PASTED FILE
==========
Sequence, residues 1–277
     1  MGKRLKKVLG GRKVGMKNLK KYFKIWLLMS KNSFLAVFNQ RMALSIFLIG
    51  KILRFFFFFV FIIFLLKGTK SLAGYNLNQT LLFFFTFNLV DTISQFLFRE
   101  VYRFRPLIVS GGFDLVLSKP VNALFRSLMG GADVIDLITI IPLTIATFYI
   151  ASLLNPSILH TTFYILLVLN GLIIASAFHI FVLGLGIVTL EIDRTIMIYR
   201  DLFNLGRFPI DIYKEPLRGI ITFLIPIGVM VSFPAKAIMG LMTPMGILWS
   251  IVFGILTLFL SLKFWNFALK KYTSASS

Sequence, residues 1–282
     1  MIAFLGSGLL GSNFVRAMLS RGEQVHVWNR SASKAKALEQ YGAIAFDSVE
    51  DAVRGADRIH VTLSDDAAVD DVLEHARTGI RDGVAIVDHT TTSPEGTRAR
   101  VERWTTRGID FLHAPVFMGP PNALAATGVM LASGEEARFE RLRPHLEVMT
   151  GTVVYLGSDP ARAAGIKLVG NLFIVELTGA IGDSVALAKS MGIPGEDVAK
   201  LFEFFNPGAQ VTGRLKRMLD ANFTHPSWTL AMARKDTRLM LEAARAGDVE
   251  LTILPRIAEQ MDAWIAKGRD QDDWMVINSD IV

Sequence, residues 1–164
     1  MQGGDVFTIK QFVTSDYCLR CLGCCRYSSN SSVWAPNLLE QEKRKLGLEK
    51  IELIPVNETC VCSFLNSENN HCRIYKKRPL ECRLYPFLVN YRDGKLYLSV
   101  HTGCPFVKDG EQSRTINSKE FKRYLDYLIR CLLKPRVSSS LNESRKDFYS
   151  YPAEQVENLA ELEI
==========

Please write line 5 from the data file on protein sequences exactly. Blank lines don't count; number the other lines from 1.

   151  ASLLNPSILH TTFYILLVLN GLIIASAFHI FVLGLGIVTL EIDRTIMIYR